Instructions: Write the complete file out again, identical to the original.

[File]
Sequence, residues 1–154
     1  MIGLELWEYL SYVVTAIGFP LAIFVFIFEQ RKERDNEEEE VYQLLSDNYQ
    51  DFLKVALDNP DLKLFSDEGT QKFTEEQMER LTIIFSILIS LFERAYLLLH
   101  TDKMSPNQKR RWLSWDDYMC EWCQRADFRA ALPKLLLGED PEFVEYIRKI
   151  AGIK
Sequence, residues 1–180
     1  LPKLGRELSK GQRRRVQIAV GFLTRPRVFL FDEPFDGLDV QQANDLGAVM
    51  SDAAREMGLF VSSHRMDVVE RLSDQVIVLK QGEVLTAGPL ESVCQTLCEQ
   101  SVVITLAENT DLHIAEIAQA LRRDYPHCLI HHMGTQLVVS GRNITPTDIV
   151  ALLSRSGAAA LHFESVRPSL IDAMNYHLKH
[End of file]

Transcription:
Sequence, residues 1–154
     1  MIGLELWEYL SYVVTAIGFP LAIFVFIFEQ RKERDNEEEE VYQLLSDNYQ
    51  DFLKVALDNP DLKLFSDEGT QKFTEEQMER LTIIFSILIS LFERAYLLLH
   101  TDKMSPNQKR RWLSWDDYMC EWCQRADFRA ALPKLLLGED PEFVEYIRKI
   151  AGIK
Sequence, residues 1–180
     1  LPKLGRELSK GQRRRVQIAV GFLTRPRVFL FDEPFDGLDV QQANDLGAVM
    51  SDAAREMGLF VSSHRMDVVE RLSDQVIVLK QGEVLTAGPL ESVCQTLCEQ
   101  SVVITLAENT DLHIAEIAQA LRRDYPHCLI HHMGTQLVVS GRNITPTDIV
   151  ALLSRSGAAA LHFESVRPSL IDAMNYHLKH